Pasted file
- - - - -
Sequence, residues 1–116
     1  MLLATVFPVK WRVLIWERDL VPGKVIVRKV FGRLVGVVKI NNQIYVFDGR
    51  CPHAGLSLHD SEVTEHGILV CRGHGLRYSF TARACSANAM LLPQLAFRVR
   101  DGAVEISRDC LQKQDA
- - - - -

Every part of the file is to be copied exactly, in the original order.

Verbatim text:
Sequence, residues 1–116
     1  MLLATVFPVK WRVLIWERDL VPGKVIVRKV FGRLVGVVKI NNQIYVFDGR
    51  CPHAGLSLHD SEVTEHGILV CRGHGLRYSF TARACSANAM LLPQLAFRVR
   101  DGAVEISRDC LQKQDA